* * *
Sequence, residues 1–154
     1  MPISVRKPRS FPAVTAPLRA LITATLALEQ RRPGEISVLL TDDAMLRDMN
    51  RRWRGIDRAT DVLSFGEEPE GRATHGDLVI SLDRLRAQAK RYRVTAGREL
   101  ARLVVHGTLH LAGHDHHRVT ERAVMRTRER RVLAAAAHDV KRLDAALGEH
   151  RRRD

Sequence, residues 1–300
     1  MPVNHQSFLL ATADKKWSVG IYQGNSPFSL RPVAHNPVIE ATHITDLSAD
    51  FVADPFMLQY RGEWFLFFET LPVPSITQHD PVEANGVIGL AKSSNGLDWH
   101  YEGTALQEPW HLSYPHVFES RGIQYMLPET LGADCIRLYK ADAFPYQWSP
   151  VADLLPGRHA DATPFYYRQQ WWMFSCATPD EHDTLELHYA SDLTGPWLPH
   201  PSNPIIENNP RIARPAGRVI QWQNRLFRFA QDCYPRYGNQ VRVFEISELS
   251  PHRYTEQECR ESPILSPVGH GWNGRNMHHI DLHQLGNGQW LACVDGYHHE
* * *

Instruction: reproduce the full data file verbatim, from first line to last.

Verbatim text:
Sequence, residues 1–154
     1  MPISVRKPRS FPAVTAPLRA LITATLALEQ RRPGEISVLL TDDAMLRDMN
    51  RRWRGIDRAT DVLSFGEEPE GRATHGDLVI SLDRLRAQAK RYRVTAGREL
   101  ARLVVHGTLH LAGHDHHRVT ERAVMRTRER RVLAAAAHDV KRLDAALGEH
   151  RRRD

Sequence, residues 1–300
     1  MPVNHQSFLL ATADKKWSVG IYQGNSPFSL RPVAHNPVIE ATHITDLSAD
    51  FVADPFMLQY RGEWFLFFET LPVPSITQHD PVEANGVIGL AKSSNGLDWH
   101  YEGTALQEPW HLSYPHVFES RGIQYMLPET LGADCIRLYK ADAFPYQWSP
   151  VADLLPGRHA DATPFYYRQQ WWMFSCATPD EHDTLELHYA SDLTGPWLPH
   201  PSNPIIENNP RIARPAGRVI QWQNRLFRFA QDCYPRYGNQ VRVFEISELS
   251  PHRYTEQECR ESPILSPVGH GWNGRNMHHI DLHQLGNGQW LACVDGYHHE